To establish BSE-specific cell culture models, mouse neuronal cells were transfected with boPrnp and then moPrP was downregulated by moPrnp specific siRNA. N2a and GT1 cells were selected because only a few cell lines, including these cell lines and the rat adrenal phaeochromocytoma line PC12, can propagate scrapie prions over many passages.21 The successful downregulation of prion protein in several species, including mice, has been reported previously.16,18,19,22 However, the siRNA target sequences for moPrnp designed previously could not be applied to this experiment because they recognized or very closely matched with boPrnp sequences.19 It is obviously important to verify that an siRNA which is fully homologous to the desired mRNA target has as little homology as possible to other mRNAs.10 Therefore, the coding sequence of the moPrnp ORF was processed with a computer algorithm and the siRNA output was screened by alignment with boPrnp ORF to avoid redundant sequences.
Successful RNAi experiments depend on the effect of delivery system for siRNA into cells. Variable and low transfection efficiency can be one of limiting factors in gene silencing experiments, particularly with difficult-to-transfect cells such as primary neurons or suspension cells.10,23 The siRNA duplexes labeled with fluorescent dyes are frequently used to monitor transfection efficiency, and can allow the optimization of experimental conditions. The siRNA transfection efficiency in this study was approximately 2 times greater than a previous report showing an 82% knockdown at a fluorescenin siRNA concentration of 400 nM in N2a cells.22
In N2a and GT1 cells, both siRNA1 and siRNA2 effectively decreased prion protein expression by more than 80%. This downregulation was associated with a concomitant reduction of the mRNA level by real-time RT-PCR demonstrating that, as expected, the siRNA-mediated regulation was mainly due to the degradation of target mRNA rather than inhibition of its translation. The siRNA-mediated knockdown peaked at 48 h after the transfection and gradually decreased over time as a consequence of cell division and/or degradation of the siRNA molecules.24 However, similar density of boprnp amplicon in RT-PCR and western blot analysis with mouse specific or total prion detecting antibodies suggested constant expression of exogenous boPrnp transcripts as well as boPrP regardless of anti moPrnp-siRNA treatment. In the exogenous delivery of siRNA, the significant concern is the cytotoxic side-effects to target cells.25 Cytotoxic effects were increased at siRNA concentrations above 200 nM, and knockdown efficiency was positively related with the siRNA concentration in this experiment.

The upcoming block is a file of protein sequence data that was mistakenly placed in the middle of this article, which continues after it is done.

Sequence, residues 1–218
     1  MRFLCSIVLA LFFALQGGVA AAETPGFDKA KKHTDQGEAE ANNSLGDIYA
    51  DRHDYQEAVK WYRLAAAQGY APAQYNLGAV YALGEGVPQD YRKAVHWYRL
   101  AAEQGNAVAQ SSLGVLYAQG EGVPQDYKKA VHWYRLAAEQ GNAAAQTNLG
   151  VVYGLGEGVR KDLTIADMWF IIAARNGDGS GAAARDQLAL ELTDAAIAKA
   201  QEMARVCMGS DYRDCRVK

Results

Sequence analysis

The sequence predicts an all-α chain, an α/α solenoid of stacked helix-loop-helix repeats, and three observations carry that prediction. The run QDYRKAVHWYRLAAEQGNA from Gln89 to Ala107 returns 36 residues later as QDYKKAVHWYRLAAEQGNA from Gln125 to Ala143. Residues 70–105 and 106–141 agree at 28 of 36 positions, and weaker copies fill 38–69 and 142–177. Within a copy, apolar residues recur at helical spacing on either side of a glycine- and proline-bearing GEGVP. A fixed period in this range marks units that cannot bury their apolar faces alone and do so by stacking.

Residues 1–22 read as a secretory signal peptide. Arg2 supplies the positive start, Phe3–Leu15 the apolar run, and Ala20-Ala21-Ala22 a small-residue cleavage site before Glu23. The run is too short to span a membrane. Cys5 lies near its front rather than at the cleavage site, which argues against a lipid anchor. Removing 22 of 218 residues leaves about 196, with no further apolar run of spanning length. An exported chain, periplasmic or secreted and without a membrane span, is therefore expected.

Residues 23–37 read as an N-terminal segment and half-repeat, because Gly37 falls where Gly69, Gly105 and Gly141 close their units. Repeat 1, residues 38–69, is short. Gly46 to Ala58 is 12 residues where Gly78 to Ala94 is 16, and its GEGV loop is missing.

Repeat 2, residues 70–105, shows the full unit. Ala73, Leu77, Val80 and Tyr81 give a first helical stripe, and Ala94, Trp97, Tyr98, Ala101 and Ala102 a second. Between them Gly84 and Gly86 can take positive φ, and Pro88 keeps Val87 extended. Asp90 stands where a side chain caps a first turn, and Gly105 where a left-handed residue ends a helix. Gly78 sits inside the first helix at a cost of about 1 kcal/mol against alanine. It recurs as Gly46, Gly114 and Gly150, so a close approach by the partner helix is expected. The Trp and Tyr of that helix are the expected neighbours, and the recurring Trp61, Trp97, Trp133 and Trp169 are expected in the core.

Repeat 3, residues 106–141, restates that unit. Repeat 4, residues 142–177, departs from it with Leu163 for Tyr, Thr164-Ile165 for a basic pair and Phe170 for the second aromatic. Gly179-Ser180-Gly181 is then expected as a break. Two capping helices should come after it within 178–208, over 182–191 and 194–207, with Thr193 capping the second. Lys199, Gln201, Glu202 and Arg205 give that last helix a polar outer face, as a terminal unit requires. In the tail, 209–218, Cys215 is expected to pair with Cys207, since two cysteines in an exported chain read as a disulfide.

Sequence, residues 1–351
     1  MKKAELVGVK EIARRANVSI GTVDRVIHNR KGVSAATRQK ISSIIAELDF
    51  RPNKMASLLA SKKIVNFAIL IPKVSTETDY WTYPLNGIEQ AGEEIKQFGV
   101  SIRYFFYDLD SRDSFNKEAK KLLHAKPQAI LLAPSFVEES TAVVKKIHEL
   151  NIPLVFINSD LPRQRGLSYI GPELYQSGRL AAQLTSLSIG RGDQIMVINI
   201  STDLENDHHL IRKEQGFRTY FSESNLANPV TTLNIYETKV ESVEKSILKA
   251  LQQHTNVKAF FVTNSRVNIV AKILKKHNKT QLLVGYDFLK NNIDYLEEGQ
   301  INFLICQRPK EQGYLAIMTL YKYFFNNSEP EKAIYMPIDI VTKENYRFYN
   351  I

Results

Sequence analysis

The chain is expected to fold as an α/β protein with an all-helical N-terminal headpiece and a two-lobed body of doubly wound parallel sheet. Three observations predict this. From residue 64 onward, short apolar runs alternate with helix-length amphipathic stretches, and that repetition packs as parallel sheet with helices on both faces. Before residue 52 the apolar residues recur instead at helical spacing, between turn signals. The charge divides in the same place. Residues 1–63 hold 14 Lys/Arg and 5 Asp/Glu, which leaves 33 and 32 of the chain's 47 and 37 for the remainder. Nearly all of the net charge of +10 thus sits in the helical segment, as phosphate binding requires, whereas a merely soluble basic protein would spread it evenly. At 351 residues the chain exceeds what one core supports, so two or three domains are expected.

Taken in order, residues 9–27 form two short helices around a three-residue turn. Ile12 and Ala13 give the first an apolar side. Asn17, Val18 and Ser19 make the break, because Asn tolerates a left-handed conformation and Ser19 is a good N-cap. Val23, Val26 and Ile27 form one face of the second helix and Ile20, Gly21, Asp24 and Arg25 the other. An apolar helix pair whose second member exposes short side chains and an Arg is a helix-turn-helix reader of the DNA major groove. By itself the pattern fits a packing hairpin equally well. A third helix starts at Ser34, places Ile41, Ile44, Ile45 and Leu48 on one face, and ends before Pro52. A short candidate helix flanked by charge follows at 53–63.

The newly generated NbP and GbP cell lines in this study and the applied siRNA technique would be useful for elucidating the basic mechanisms of prion pathogenesis, especially in BSE. Even if knockout strategies have been applied to reduce the gene expression for different purposes, these intergenic splicing events caused ectopic gene expression of the doppel (Dpl) protein encoded by the Prnd gene, placing the Dpl locus under the control of the Prnp promoter.26,27 Although untested, Dpl expression is probably not under the control of the siRNA machinery because siRNA is a post-transcriptional gene silencing mechanism. Reducing PrPC expression is one of potential therapeutic approaches to delaying the onset of prion diseases.1,8 Together with liposomally formulated siRNA molecules, siRNA-lipoplexes,28 or magnetic nanoparticles labeled with a near-infrared dye and covalently linked to siRNA molecules,12,29 the cell lines and siRNA technique presented in this study could potentially be used as therapeutic agents for prion diseases. Further vector-mediated siRNA studies are needed to determine siRNA targeting sites and appropriate delivery systems.